Open source software (OSS) has become hot with VC’s and entrepreneurs. Peter’s Levine’s recent article “Open Source: From Community to Commercialization” includes a graph showing the increasingly large M&A and IPOs for open source companies.
There are a few reasons for OSS’s rapid adoption:
- Start-ups accelerate the time-to-market of their own products
- Cloud providers can offer in-demand products
- Traditional IT at larger companies can replace proprietary software
But what’s missing from the discussion is how companies, especially Global 1000 companies, can leverage open source to achieve their digital transformation goals.
Unfortunately, the phrase “digital transformation” is overused and ambiguous.
Yet it is perhaps the best buzzword to describe the actual benefit of open source to these larger companies.
For this article, digital transformation primarily relates to the existential need for companies to recognize and embrace that “software eats the world.” Whether you are a bank, retailer, hospital or oil company, you are also a software company.
Making this transition to execute a strategy to stay relevant in their market is the digital transformation. The ways different companies undergo this change is as varied as weight-loss management techniques.
Some believe this transformation can be achieved by outsourcing the software development of a proprietary process or workflow.
Some try to build from scratch a “digital” muscle by hiring developers.
Some purchase new software to help them digitize and automate their business process.
Some get high-level “change management” advice that they should re-invent the company culture to be more digital savvy with little actionable implementation.
While all of these approaches can help a business, none are true digital transformations. They are various forms of “digital cosmetic surgery” or, at best “digital fad diets.”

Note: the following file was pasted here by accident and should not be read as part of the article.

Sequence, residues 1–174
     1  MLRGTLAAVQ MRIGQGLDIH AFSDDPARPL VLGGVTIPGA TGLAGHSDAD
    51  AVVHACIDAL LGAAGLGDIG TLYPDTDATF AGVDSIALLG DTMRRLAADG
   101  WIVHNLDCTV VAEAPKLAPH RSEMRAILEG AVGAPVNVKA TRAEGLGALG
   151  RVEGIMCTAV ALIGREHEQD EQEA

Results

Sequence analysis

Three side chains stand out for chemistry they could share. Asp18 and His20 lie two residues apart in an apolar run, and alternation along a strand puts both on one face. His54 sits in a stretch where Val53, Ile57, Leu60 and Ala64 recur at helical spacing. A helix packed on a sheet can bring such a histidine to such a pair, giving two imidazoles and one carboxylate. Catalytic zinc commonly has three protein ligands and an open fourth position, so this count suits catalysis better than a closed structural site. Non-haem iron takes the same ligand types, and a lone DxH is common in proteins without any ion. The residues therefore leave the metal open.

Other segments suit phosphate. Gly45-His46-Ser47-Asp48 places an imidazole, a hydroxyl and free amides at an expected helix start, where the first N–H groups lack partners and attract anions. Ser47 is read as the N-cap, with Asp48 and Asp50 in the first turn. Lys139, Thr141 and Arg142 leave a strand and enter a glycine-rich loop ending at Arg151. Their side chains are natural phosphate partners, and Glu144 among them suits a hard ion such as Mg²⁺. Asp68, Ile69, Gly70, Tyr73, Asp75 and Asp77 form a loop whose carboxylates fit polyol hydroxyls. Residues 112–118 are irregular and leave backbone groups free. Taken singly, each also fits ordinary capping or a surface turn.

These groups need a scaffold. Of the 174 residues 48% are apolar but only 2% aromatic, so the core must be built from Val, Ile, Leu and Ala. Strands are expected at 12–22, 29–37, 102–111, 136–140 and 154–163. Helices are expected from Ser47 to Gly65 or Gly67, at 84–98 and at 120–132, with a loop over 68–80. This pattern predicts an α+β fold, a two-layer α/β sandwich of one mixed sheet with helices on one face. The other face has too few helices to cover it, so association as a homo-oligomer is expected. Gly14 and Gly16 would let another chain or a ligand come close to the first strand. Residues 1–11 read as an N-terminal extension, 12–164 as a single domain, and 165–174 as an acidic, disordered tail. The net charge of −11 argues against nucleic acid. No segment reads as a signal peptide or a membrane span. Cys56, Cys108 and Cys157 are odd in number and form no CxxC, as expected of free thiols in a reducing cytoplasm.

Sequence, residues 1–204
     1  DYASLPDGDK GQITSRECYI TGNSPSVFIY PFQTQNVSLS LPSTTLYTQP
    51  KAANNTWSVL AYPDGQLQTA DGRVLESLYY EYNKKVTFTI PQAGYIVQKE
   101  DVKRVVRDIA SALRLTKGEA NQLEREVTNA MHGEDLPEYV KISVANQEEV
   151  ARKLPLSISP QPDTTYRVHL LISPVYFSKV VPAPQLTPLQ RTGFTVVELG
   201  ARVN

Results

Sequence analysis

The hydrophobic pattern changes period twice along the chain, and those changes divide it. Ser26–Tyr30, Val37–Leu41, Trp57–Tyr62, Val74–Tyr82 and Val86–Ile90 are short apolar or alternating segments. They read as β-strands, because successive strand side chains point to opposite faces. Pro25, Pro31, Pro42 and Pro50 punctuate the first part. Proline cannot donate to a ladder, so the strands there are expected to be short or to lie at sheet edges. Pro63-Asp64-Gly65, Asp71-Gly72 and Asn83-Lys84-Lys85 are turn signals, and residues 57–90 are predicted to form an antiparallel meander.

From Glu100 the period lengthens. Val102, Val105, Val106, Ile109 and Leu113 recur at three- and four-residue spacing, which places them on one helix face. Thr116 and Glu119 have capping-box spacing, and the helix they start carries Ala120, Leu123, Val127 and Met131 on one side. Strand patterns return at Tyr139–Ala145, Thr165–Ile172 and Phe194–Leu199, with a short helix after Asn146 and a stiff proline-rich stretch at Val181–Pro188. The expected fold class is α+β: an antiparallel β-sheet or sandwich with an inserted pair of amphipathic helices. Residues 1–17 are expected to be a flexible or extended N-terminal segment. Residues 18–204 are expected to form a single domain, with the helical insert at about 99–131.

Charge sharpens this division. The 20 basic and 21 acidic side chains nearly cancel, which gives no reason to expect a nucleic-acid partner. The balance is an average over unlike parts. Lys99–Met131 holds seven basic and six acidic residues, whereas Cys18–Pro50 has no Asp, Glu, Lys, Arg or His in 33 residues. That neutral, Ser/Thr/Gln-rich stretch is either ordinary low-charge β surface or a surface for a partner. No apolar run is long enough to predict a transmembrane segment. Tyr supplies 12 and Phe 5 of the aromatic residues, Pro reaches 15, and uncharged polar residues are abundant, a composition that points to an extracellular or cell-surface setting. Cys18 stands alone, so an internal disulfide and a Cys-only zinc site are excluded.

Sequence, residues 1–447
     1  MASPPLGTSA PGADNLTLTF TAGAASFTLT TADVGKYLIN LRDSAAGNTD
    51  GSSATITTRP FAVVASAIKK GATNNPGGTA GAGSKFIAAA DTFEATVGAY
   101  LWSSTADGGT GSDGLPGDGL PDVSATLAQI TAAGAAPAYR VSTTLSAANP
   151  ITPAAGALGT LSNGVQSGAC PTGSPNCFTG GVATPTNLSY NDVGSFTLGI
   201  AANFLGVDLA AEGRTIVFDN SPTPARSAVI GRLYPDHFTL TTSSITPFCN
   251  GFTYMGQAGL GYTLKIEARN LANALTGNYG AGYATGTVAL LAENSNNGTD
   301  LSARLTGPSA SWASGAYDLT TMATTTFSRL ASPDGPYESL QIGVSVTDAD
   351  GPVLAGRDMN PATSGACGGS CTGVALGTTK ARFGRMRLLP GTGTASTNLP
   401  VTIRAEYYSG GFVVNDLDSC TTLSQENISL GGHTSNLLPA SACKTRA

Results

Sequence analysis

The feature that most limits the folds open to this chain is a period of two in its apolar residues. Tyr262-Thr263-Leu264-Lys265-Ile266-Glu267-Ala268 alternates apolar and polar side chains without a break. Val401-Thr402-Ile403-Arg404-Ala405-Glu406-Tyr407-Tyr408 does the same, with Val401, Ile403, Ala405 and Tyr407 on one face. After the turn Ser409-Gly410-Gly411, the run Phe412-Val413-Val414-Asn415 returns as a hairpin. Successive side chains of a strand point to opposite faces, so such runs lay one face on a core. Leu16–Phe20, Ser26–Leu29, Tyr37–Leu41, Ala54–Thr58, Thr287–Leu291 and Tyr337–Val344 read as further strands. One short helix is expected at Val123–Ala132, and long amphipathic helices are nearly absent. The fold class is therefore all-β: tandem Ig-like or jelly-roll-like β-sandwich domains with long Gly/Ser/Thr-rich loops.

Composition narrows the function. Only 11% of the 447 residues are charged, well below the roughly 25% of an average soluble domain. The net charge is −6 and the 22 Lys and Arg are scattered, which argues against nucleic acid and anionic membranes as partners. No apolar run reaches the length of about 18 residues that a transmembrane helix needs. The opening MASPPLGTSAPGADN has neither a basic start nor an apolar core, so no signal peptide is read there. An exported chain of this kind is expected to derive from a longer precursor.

They don’t get deep into the root of changing the business DNA to become “digitally native.”
At the heart of true digital change is authentically attracting, developing, and retaining talent that can imagine, use and build digital solutions to advance the business strategy. The actual strategies will vary from business to business, and can include introducing a new product, entering new market, streamlining an existing workflow to lower costs and prices for customers.
Regardless of the strategy, attracting the right kind of technical talent to work for the company makes the difference.
To that end, many companies anchor their digital transformation strategy in building a “developer community” as a way to both leverage external developers and attract high-quality developers to work within the company’s own four walls.
As a result, many companies follow a standard “developer relations” or “developer marketing” playbook. This includes many of these tactics1:
- Documentation & sample code
- Development tools, integrations & libraries
- Tutorials & how-to videos
- Training courses & hands-on labs
- Answers in public forums
- Technical support
- Official forums
- Feedback channels